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How Zen Became ZenThe Dispute over Enlightenment and the Formation of Chan Buddhism in Song-Dynasty China$
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Morten Schlütter

Print publication date: 2008

Print ISBN-13: 9780824832551

Published to Hawaii Scholarship Online: November 2016

DOI: 10.21313/hawaii/9780824832551.001.0001

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A Dog Has No Buddha-Nature

A Dog Has No Buddha-Nature

Kanhua Chan and Dahui Zonggao’s Attacks on Silent Illumination

Chapter:
(p.104) Chapter 5 A Dog Has No Buddha-Nature
Source:
How Zen Became Zen
Author(s):

Morten Schlütter

Publisher:
University of Hawai'i Press
DOI:10.21313/hawaii/9780824832551.003.0006

This chapter analyzes Dahui Zonggao's (1089–1163) attacks on Caodong tradition's silent illumination, and discusses the kanhua Chan that he developed to counter it. The success of the Caodong tradition was clearly perceived as a threat by the dominant Linji tradition, whose members attacked the Caodong tradition in various ways—most notably targeting its teachings of “heretical silent illumination Chan.” Indeed, Dahui associated silent illumination with a kind of meditation that uses the mind to control the mind, which suppresses thought and which induces a state of unreflective calm devoid of wisdom. This kind of practice, he argued, is a soteriological dead end and can never lead to enlightenment.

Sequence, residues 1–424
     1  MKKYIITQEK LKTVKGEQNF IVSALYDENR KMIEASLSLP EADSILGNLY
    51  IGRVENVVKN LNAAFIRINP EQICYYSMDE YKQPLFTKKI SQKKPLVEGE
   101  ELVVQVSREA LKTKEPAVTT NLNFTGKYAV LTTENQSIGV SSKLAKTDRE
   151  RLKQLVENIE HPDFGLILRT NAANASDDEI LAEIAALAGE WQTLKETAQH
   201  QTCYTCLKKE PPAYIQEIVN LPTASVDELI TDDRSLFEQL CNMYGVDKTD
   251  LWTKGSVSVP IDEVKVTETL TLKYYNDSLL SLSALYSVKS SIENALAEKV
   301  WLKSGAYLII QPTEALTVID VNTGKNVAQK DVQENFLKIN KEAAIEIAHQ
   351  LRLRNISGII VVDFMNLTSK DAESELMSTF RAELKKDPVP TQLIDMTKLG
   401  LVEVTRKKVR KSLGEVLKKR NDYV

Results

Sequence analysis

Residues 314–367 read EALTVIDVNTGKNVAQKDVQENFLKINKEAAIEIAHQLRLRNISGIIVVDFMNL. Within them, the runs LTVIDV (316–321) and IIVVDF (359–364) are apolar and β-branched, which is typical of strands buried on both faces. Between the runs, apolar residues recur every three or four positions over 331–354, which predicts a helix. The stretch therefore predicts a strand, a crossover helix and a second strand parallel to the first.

Keywords:   Dahui Zonggao, Caodong tradition, silent illumination, kanhua Chan, Linji tradition

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